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Title: Limit states and reliability-based design methods applied to the buoyancy assessment of the Shoal Lake Aqueduct
Authors: Robinson, Gilbert G.
Issue Date: 2002
Abstract: An actual design example was used to demonstrate how limit states design methods and engineering judgement can be applied to solve a non-codified engineering problem. The work was focussed on the assessment of potential buoyancy during shutdowns of the eighty-three year old Shoal Lake Aqueduct that is the sole source of potable water for Winnipeg, Manitoba. Four separate buoyancy analyses of the Shoal Lake Aqueduct were completed. Three of the analyses were conducted using limit states and reliability-based design methods. For comparative reasons a fourth analysis was completed using a traditional working stress design (WSD) method. A buoyancy model was developed and used in these analyses. The first buoyancy analysis was completed using partial safety factors developed for the Ontario Highway Bridge Design Code. Because these partial safety factors were developed for use with the design code a second analysis was completed using project-specific partial safety factors. These partial safety factors were determined using Second Moment reliability techniques and measured data for the uncertainties in the buoyancy model. A third buoyancy analysis was completed using Monte Carlo simulation techniques. A fourth buoyancy analysis was completed using WSD methods to demonstrate the potential variability in the level of safety. Engineering judgement was required to develop the buoyancy model, to interpret the data obtained for each of the parameters and to provide meaningful design values for those parameters which could not be measured. The results of the buoyancy analyses completed using limit states design and reliability-based methods were similar. Because the partial safety factors from the Ontario Highway Bridge Design Code were not based on the measured variability of different parameters, the potential for deviation from a target level of safety is significant...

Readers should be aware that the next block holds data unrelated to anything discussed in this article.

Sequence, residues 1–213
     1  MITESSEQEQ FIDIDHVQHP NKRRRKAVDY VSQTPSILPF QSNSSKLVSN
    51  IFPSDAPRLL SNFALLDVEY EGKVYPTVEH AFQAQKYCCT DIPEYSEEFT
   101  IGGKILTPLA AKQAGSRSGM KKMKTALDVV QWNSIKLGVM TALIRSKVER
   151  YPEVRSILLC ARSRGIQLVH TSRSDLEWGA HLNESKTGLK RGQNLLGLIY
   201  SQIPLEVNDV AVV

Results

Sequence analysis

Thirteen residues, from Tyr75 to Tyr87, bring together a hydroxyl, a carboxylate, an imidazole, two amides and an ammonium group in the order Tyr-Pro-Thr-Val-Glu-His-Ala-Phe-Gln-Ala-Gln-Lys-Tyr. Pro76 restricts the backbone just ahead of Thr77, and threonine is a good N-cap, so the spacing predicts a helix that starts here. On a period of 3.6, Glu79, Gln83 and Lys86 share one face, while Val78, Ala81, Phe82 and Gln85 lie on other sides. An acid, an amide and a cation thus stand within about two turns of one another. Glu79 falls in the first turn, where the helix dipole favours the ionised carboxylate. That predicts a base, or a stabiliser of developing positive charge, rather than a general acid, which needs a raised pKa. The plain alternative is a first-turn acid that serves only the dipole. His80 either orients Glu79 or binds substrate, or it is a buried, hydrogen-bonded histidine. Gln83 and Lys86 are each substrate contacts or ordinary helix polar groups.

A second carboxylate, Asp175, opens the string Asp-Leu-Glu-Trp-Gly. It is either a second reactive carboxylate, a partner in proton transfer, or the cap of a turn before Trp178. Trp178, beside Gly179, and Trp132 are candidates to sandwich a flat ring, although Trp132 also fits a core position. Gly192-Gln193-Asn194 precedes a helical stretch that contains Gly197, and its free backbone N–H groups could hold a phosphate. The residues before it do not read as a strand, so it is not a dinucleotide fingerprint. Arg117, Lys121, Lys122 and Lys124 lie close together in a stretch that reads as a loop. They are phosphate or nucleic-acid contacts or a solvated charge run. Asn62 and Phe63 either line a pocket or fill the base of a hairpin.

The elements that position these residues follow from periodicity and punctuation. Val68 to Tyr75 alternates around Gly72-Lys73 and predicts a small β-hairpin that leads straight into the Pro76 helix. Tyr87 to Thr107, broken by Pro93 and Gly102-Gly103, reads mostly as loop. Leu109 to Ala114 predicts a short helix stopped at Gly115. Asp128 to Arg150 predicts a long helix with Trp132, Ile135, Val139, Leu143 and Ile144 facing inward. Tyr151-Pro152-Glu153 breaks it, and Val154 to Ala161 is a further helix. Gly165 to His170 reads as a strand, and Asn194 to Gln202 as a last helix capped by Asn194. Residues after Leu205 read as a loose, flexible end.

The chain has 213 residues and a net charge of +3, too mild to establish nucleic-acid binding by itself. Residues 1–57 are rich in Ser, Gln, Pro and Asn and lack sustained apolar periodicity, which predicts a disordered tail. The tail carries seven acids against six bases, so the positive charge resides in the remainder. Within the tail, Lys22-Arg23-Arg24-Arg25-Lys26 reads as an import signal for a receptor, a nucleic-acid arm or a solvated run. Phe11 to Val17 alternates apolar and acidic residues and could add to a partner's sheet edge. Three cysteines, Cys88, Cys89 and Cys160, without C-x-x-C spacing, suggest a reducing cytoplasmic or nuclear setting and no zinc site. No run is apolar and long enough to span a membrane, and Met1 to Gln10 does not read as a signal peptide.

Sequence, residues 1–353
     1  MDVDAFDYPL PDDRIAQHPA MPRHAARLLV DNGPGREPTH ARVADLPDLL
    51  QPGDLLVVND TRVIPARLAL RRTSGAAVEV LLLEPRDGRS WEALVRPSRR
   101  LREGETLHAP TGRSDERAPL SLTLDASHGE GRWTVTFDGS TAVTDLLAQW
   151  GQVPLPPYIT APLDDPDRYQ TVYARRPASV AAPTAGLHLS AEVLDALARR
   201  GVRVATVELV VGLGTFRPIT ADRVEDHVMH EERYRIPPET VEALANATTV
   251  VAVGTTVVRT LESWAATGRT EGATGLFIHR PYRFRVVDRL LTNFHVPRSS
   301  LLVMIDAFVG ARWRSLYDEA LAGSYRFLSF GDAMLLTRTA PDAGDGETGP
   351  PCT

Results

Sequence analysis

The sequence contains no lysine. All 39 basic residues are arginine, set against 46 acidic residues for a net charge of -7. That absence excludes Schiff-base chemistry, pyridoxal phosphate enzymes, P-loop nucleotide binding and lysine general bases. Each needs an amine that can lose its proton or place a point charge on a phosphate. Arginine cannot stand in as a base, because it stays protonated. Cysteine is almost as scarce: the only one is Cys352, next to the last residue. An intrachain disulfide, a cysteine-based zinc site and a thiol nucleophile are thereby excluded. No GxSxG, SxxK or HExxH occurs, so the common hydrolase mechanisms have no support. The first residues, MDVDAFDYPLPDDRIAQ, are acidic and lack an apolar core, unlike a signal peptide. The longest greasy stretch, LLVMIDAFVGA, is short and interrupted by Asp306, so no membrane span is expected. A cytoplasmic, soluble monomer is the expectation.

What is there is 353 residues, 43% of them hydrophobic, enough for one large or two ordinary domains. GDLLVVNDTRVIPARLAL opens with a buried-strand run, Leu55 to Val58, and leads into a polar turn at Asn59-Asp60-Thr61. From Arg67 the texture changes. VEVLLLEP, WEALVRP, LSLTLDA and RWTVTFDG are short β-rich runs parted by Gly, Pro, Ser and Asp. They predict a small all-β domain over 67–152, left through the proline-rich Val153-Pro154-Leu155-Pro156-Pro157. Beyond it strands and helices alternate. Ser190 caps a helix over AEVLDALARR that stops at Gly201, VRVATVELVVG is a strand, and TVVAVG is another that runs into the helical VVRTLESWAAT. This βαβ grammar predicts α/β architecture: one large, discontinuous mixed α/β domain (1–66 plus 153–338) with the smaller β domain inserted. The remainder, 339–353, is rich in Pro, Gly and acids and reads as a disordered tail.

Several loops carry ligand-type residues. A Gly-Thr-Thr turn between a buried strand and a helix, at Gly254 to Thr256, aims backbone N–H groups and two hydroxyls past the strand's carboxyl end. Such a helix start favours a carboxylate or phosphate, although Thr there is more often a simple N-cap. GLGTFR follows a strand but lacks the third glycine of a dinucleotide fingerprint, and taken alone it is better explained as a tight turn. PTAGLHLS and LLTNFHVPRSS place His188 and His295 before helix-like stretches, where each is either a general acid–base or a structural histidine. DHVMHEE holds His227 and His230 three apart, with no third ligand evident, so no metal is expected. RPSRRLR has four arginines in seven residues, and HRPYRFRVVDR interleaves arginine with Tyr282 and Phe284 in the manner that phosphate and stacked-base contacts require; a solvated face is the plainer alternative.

Other Identifiers: (Sirsi) APL-5559
Appears in Collection(s):FGS - Electronic Theses & Dissertations (Public)
Manitoba Heritage Theses

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